A unique example of a Roman basilica in Brittany, discover the treasures of a cathedral rebuilt and decorated in the second half of the 19th century, and in particular its exceptional 16th century Antwerp altarpiece which has just been restored. The Cathédrale de Saint-Pierre or St Peter’s Cathedral has hosted important moments in Brittany and French history, such as the coronation of Brittany’s dukes and duchesses.
Les Portes Mordelaises
Rebuilt in the 15th century, this building, which is characterized by its two symmetrical towers enhanced by machicolations with double drawbridges, was the main entrance to the fortified town. Also known as the “Royal Gate”, referring to the Dukes of Brittany who, before being crowned in St Peter’s Cathedral, passed through the gate after taking an oath to safeguard Brittany’s freedoms.
La Place des Lices
A former medieval “jousting ground” where knights’ tournaments were held, the name of the Lices was known in 1337 thanks to a certain Bertrand Du Guesclin who fought his first battle there. Bordered to the north by large 17th century mansions built of wood or stone and to the south by two metal halls, designed by Jean-Baptiste Martenot in 1869 in the Baltard style, this square has been home to the Lices market since 1622! The Lices market has become one of the largest markets in France. Every Saturday at dawn, the market comes alive with stalls bursting with colours, smells, and flavours. It’s impossible to resist this festive atmosphere, and a visit can only end with a tasting of the famous “galette saucisse”!
Le Parlement de Bretagne
Designed by Salomon de Brosse, it was spared the great fire of 1720, but burned down in 1994. Containing French 17th century pictorial jewels, the Parliamentary Palace has been reborn thanks to exemplary mobilization and renovation. Inside, the prestige is embodied in the French ceilings, carved and gilded woodwork, allegorical paintings, etc. of which the Grand’ Chambre is the jewel of this exceptional décor. Visits all year round on mandatory registration at the Tourist Office.
L’Hôtel de Ville
After the fire of 1720, Jacques Gabriel, King Louis XV’s architect, imagined regrouping the Town Hall, the Presidial and the Clock Tower in a single building on a new square. Its curved structure exemplifies the buildings constructed by the great architects Le Vau and Hardouin-Mansart. The Town Hall’s north wing houses the “Rennes Pantheon” erected in remembrance to the soldiers who died in the First World War. In the wedding hall, famous Bretons such as Duguay-Trouin, Laënnec, Renan, Chateaubriand, are part of the decor. Look up! In summer, guided tours are offered by the Tourist Office.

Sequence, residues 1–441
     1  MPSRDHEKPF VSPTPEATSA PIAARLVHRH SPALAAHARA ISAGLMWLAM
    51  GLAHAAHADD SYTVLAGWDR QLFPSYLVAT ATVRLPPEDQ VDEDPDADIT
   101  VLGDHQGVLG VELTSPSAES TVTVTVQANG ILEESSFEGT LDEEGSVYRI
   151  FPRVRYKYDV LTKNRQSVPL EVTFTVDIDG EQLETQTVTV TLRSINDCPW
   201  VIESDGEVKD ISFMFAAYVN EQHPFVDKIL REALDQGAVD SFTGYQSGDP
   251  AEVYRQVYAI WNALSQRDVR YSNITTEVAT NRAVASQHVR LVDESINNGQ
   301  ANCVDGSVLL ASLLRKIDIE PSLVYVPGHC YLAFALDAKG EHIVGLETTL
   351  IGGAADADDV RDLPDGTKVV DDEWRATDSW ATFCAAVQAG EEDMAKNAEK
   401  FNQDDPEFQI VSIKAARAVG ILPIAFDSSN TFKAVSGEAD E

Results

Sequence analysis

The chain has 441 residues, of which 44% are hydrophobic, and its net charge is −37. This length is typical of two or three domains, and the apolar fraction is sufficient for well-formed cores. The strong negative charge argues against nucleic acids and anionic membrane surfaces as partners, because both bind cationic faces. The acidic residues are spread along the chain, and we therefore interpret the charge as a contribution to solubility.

Charles Millardet mirrors the curved 18th century section of the Town Hall, which faces the opera house, in the rotundity of this building, known as “The Theatre”. The convex façade, protected by muses carved by François Lanno, hides many other original features, such as stalls on the first floor rather than in their usual position on the ground floor. The famous 44 steps to reach them made the headlines at the time! Although one of the smallest opera houses in France, it has some outstanding interior decor as well as a rich and varied operatic programme!
La Chapelle saint Yves
This renovated 15th century chapel, in a flamboyant gothic style, was built for the Saint-Yves hospital before being converted into a hardware store in the 19th century. The invaluable interior and exterior chapel decorations abound with surprising sculptures: animals sticking their tongues out, a sleeping rabbit, a playful cat, mischievous or amused faces, etc. You will be amazed at the number of eyes looking at you! The permanent exhibition, “Rennes, a City of Art and History” is displayed in the chapel’s chancel.
Le Parc et les jardins du Thabor
Discover the wonders of the Parc du Thabor for a little romance and elegance, where even “L’Enfer”, which means “hell” in French, is a delightful green open-air theatre. These former garden of the monks of Saint-Melaine Benedictine Abbey was redesigned by Denis Bühler, a famous 19th-century landscape artist Its 10-hectare park combines a French garden, an English park, a grotto, a bandstand, an aviary, and an exceptional rose garden displaying over 2,000 varieties! Let yourself be guided through one of the most beautiful gardens in France. Open all year round, opening hours vary according to season.
Le Musée des Beaux-Arts
Since 1794, the collection at the Rennes’ Museum of Fine Arts has continued to grow, offering an overview of art history from antiquity to the present day. Prepare to be astonished by the impressionism of Gustave Caillebotte, “The Tiger Hunt” by Rubens and “The Newborn Christ” by Georges de la Tour.
Les Champs Libres
An innovative cultural centre in the heart of Rennes. Designed by the architect Christian de Portzamparc, Les Champs Libres brings together the Brittany Museum, the Science Centre and the Rennes Metropolitan District library. With its exhibitions and installations, visual arts, digital arts, literary and artistic performances, this is true venue for cultural effervescence.